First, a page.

Blog | Monday, September 26, 2011

All in for Crestor


The American Heart Association will be holding its annual meeting this November. Cardiobrief.org just posted the announced "late-breaking" clinical trials. These are the big name trials that usually grab a lot of headlines. One of the trials is the AIM-HIGH trial which showed that Niacin didn't really do much in patients whose bad cholesterol or LDL was controlled with a statin (see my post What to do about Niacin?)

178/365 All In by thebarrowboy via Flickr and a Creative Commons licenseAnother very important study will also be presented that same Nov. 15: Comparison of the Progression of Coronary Atherosclerosis for Two High Efficacy Statin Regimens with Different HDL Effects: SATURN Study Results. The SATURN study is the AstraZeneca (makers of Crestor) study comparing high dose Crestor (40 mg) with high dose Lipitor (80 mg).

Patients in the SATURN study will have known cardiac disease as indicated by a need for coronary angiography (angiogram) and angiographic evidence of coronary disease. The main end point is IVUS-assessed change in the percent atheroma volume in a greater than 40-mm segment of a single coronary artery, which is a "doctor" way of saying they are going to look for plaque buildup in the artery. This is the same end point used in the famous (or infamous) ENHANCE trial which showed that adding Zetia to simvastatin (zetia + simvastatin = Vytorin) did absolutely nothing to plaque buildup (Vytorin and Zetia: What to do now?)

What's interesting about SATURN is that the LDL lowering properties of the highest doses of Crestor and Lipitor are about the same. However, at those doses Crestor raises the HDL or good cholesterol by about 8% where Lipitor only raises HDL by 3%. Other studies have shown that plaque buildup in the arteries (atherosclerosis) that causes heart attacks and strokes, is not just about LDL, but also about HDL. Other studies looking at high doses of Crestor when compared to placebo show that it can prevent plaque buildup and possibly even lead to regression. The Lipitor data on this is less robust.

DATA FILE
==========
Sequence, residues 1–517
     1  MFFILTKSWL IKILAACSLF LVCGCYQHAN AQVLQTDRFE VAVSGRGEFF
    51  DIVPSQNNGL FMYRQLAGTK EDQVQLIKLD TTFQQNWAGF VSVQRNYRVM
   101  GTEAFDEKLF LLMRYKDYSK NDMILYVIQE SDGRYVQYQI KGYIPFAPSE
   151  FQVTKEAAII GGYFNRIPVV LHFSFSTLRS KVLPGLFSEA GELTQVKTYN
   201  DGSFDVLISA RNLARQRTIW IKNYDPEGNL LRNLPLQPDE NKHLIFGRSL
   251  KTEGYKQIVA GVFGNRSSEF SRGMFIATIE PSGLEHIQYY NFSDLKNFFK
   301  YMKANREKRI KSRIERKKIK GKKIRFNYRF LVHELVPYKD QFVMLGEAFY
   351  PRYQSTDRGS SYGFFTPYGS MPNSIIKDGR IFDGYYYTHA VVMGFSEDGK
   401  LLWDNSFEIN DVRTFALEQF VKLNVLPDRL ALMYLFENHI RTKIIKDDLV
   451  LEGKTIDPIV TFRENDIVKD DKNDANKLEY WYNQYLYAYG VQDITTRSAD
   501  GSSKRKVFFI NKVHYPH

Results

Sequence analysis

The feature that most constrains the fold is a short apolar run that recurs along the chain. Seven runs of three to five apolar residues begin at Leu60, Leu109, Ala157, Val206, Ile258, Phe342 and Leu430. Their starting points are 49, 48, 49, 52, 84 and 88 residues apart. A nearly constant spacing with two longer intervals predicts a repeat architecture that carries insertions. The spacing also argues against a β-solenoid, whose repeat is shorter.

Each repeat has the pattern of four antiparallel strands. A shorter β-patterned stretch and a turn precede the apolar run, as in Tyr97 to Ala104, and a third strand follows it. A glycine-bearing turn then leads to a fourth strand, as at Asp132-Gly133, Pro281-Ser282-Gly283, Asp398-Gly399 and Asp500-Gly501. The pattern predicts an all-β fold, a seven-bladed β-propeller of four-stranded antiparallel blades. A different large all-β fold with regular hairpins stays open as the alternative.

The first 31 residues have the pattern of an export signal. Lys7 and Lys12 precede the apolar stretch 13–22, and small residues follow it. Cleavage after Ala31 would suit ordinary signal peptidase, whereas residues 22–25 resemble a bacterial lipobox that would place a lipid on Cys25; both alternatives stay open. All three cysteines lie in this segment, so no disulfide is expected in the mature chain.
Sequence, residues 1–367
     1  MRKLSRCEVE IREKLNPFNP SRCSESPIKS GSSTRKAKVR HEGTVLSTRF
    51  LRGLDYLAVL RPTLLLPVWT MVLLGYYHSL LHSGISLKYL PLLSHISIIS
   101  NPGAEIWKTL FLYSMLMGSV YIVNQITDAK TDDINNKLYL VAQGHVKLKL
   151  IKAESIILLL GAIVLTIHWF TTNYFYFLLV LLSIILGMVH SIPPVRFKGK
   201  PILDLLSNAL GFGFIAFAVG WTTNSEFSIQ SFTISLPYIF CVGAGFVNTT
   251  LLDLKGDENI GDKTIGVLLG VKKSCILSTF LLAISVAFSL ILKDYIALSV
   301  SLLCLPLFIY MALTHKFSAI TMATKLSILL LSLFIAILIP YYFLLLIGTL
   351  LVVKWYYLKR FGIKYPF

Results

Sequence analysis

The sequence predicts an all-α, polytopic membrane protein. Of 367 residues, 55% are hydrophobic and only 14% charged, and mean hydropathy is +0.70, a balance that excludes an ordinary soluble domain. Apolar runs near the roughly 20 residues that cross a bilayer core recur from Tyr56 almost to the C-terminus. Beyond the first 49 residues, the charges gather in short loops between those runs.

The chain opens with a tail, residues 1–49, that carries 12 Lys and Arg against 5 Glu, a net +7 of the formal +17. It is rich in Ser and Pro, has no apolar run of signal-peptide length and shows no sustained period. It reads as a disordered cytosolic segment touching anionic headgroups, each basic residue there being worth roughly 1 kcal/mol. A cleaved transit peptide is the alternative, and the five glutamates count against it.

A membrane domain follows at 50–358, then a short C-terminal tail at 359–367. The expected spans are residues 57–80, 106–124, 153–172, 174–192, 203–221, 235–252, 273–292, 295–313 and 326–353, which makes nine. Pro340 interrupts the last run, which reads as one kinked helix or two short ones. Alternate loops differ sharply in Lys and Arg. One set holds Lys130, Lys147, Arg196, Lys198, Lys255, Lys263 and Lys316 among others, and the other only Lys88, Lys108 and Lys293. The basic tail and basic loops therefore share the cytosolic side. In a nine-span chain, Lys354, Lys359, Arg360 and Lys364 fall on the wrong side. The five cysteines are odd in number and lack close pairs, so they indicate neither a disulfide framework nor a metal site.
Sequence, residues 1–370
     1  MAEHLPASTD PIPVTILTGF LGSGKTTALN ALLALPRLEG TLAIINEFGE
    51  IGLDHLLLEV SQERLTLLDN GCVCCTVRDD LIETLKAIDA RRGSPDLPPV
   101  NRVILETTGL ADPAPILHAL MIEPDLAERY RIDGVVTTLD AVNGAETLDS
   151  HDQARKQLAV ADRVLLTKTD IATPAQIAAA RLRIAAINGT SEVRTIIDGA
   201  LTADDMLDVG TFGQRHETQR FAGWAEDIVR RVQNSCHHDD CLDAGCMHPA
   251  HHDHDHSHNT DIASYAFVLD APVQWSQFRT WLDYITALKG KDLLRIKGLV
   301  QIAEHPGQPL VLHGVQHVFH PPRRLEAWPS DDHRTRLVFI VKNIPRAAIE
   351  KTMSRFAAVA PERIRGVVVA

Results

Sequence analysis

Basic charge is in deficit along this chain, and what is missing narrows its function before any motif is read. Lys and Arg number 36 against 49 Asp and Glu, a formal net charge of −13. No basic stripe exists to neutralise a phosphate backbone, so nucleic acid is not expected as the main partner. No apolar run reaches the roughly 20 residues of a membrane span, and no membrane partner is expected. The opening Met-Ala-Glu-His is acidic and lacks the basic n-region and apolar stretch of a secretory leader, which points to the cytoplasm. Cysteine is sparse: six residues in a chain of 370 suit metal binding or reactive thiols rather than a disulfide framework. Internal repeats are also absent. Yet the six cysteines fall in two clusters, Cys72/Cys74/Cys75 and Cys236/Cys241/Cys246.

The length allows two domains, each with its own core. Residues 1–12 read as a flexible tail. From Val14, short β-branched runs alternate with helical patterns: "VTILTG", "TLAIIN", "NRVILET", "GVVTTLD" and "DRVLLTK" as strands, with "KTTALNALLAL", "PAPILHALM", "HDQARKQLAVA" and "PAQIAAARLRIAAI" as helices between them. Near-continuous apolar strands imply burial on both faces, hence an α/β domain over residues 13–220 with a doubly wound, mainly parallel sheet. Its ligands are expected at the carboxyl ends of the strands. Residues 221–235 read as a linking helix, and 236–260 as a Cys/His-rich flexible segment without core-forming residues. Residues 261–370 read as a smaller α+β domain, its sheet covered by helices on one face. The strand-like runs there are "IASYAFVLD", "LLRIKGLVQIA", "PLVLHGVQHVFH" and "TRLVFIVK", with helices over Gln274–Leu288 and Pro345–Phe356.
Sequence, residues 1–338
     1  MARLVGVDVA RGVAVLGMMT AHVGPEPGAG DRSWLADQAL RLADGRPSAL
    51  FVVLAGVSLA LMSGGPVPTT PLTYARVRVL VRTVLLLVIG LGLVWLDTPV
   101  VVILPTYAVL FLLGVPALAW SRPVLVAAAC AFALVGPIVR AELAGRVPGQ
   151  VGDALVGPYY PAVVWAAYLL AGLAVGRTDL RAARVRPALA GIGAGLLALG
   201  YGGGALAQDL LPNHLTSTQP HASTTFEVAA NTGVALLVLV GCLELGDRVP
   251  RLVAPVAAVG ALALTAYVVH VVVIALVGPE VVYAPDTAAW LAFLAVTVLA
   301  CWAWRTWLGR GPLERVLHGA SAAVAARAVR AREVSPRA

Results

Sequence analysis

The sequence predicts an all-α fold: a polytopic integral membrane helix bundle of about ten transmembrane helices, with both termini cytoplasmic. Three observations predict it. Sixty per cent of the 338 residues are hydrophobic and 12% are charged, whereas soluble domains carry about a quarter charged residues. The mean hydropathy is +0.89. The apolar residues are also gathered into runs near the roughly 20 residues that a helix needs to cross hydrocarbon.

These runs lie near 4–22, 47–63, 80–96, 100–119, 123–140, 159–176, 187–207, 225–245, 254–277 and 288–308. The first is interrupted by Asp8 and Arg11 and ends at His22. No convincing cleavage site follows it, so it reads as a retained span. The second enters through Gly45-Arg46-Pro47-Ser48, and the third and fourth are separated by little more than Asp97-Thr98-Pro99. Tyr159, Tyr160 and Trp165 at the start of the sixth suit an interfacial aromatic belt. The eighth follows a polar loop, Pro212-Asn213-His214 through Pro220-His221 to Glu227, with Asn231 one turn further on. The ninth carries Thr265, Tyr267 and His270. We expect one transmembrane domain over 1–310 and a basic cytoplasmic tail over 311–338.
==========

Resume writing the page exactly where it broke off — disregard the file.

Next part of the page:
The timing of the results at the AHA is particularly interesting, since it will coincide with Lipitor going generic. Zocor, or simvastatin, has been generic for a while, and works well in many patients. However, patients requiring more aggressive reduction in their cholesterol will not meet their goals on simvastatin, and high-dose simvastatin is associated with side effects, which prompted a recent FDA warning. (See Don't Take High Dose Simvastatin). Thus, the need for a generic potent statin like Lipitor is huge. However, this could mean that insurers will make it very, very difficult for patients to get Crestor, unless SATURN proves that high dose Crestor compared to high dose Lipitor significant reduces plaque buildup in high-risk patients.

Therefore, the SATURN trial is really a huge gamble for AstraZeneca. When Merck's ENHANCE trial showed that Vytorin didn't really do more than the generic statin, prescribing rates dropped precipitously. Crestor likely faces the same fate if SATURN turns out to be a negative study.

Matthew Mintz, MD, is a Fellow of the American College of Physicians. He is board certified in internal medicine and has been practicing for more than a decade. He is also an Associate Professor of Medicine at an academic medical center on the East Coast. His time is split between teaching medical students and residents, and caring for patients. This post originally appeared at Dr. Mintz' Blog. Conflict-of-interest disclosures are available here.